Report: Electric school buses are a win for our kids and our energy grid

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Aaron Colonnese
Content Creator

Author: Aaron Colonnese

Content Creator

 

Started on staff: 2020
B.A., Brown University

Aaron writes and designs materials with the Creative Team for The Public Interest Network for U.S. PIRG. Aaron lives in Arlington, Massachusetts, and spends his spare time playing drums and going for long walks.

Right now, dirty diesel school buses are exposing our kids to toxic pollution on their daily rides to school. Electric buses can fix that — and help create a cleaner electric grid to boot.

On March 15, U.S. PIRG Education Fund, Environment America Research & Policy Center and Frontier Group released "Electric School Buses and the Grid." The report examines how the transition to electric school buses, in addition to keeping diesel exhaust out of developing lungs, could help speed the expansion of clean energy by providing a critical source of reliable battery storage.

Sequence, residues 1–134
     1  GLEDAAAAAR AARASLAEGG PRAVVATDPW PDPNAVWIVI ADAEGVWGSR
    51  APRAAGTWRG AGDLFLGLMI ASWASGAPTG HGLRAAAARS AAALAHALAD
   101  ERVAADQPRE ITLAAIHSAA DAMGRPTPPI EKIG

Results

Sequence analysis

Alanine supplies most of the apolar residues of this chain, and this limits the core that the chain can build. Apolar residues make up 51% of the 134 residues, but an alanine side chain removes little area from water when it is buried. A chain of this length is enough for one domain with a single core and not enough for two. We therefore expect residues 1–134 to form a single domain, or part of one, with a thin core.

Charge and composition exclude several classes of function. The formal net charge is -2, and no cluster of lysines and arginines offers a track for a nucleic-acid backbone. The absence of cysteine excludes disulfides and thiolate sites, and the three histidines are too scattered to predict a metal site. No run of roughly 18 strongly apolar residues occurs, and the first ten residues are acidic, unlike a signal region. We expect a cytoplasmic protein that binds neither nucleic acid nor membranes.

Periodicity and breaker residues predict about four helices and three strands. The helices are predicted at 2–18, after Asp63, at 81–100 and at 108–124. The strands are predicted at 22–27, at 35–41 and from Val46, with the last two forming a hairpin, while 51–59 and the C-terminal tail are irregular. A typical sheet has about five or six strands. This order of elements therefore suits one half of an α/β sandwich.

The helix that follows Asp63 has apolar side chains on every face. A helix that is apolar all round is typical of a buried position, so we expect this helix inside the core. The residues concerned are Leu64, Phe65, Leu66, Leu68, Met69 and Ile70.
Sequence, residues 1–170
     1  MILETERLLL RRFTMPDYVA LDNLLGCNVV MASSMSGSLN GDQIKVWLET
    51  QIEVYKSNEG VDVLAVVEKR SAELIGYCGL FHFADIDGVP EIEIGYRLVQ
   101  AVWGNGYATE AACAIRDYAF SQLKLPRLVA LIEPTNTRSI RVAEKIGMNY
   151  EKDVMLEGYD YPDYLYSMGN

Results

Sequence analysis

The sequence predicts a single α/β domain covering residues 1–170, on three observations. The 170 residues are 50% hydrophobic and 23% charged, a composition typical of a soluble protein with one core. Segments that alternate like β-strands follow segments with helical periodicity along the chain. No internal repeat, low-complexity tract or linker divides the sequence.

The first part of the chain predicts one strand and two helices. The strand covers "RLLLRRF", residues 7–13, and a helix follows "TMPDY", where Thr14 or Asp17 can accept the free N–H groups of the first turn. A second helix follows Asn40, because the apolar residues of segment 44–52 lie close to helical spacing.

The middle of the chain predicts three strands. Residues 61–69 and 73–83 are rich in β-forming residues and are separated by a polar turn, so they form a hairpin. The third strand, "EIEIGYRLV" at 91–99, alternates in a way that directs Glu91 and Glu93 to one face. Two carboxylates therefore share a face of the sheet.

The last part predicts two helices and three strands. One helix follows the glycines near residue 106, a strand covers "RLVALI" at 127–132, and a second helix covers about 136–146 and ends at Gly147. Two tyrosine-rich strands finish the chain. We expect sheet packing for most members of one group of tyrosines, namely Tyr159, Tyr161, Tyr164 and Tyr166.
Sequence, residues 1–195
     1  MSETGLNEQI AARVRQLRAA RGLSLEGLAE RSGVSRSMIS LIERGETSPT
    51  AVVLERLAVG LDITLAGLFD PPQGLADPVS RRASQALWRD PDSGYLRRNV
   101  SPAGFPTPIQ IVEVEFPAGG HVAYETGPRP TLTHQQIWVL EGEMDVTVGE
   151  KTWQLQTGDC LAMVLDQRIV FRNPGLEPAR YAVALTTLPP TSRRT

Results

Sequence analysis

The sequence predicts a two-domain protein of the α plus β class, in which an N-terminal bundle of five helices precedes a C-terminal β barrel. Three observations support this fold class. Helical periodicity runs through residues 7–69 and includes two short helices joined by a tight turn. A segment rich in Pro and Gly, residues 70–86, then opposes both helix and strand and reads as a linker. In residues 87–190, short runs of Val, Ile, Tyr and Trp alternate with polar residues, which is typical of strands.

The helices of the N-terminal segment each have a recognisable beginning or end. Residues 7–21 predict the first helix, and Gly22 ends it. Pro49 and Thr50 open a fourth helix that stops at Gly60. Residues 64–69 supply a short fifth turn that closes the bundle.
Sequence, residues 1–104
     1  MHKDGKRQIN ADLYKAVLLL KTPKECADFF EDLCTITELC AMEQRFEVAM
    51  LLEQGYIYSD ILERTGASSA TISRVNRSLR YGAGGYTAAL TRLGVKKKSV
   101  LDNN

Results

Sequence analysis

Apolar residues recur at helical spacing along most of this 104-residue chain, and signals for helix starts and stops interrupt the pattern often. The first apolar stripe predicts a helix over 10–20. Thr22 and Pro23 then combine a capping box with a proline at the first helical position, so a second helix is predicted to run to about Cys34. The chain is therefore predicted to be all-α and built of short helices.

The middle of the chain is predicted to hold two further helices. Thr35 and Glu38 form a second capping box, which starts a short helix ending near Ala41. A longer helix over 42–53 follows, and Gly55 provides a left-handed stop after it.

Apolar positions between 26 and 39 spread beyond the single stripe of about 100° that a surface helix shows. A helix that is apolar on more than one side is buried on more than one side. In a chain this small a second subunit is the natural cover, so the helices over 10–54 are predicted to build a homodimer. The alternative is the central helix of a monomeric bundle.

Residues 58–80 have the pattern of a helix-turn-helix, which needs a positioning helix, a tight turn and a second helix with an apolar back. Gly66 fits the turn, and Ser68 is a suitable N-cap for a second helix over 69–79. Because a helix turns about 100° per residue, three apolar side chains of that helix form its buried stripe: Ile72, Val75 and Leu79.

"Kids get to school, air pollution is reduced, and we store up some energy for when we need it: Electric buses are a win-win-win proposition," said Matt Casale, director of PIRG's environment campaigns.

As billions of new federal dollars from the PIRG-backed bipartisan infrastructure package become available, we're urging states to move as quickly as possible to transition to clean, electric school buses.

Read more.

Photo: What if we could keep pollution out of our air, help stave of climate disaster, and move toward a cleaner energy grid — all by putting our kids on electric school buses? Credit: U.S. Air Force photo by Sr. Airman Marissa Tucker

Aaron Colonnese
Content Creator

Author: Aaron Colonnese

Content Creator

 

Started on staff: 2020
B.A., Brown University

Aaron writes and designs materials with the Creative Team for The Public Interest Network for U.S. PIRG. Aaron lives in Arlington, Massachusetts, and spends his spare time playing drums and going for long walks.